The proposal to ward off global warming by cooling earth artificially could lead to climate disorder like drought in poorest countries, particularly in Africa, Asia and South America, warn scientists.
The Geo-engineering plan involves injecting small reflective sulphate particles into the upper atmosphere to decrease incoming solar radiation, the Independent reported.
Andrew Charlton-Perez of the University of Reading said that the study shows that one of the leading candidates for geo-engineering could cause a new unintended side-effect over a large part of the planet.
Charlton-Perez said that the risks from this kind of geo-engineering are huge like a reduction in tropical rainfall of 30 percent would, for example, quickly dry out Indonesia so much that even the wettest years after a man-made intervention would be equal to drought conditions now.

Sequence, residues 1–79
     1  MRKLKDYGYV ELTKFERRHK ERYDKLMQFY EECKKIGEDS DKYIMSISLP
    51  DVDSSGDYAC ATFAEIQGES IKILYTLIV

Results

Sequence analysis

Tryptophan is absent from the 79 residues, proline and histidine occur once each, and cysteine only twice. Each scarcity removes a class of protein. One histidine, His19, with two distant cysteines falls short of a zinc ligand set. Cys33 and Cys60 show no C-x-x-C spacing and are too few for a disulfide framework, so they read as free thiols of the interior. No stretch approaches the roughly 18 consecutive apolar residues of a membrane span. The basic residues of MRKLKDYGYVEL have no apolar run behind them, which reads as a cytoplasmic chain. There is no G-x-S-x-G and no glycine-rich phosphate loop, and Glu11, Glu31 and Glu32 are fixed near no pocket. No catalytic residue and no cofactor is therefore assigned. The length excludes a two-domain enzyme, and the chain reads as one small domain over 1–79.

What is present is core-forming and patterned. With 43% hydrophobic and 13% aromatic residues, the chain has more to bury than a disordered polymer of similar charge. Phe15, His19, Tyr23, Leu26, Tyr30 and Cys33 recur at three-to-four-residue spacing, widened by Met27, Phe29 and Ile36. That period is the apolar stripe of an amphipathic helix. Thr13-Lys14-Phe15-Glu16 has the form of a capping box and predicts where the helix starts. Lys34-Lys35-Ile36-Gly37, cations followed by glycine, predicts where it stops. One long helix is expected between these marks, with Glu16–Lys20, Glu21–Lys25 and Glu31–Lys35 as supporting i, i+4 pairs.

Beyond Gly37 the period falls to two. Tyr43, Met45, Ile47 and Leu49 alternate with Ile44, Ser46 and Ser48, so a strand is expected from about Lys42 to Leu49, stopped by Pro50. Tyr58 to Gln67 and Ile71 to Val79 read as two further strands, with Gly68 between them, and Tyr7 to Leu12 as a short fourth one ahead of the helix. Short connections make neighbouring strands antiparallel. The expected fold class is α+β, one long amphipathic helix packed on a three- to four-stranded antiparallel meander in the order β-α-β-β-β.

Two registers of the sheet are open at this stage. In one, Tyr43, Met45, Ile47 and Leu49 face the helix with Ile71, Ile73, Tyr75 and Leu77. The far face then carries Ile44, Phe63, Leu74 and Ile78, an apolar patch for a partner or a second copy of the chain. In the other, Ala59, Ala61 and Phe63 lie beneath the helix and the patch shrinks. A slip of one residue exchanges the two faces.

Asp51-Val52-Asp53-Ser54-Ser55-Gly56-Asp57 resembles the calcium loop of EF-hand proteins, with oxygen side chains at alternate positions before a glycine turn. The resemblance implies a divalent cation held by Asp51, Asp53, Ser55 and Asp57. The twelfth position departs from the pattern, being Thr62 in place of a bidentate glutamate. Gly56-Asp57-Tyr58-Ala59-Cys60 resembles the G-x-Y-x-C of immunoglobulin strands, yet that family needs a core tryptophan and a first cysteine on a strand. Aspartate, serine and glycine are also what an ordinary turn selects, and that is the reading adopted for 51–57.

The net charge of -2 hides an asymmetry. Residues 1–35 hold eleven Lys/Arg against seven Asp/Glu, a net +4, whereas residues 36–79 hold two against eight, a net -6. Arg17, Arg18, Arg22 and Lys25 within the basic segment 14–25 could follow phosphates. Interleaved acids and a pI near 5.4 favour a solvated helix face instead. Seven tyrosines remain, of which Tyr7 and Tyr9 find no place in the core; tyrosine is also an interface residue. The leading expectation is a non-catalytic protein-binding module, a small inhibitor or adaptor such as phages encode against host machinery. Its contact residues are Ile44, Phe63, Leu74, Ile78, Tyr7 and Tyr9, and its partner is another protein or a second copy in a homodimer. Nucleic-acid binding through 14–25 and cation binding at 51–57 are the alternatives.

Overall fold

The ecosystems of the tropics are among the most fragile on earth and if such plans are executed, changes would happen so quickly that there would be little time for people to adapt, he added.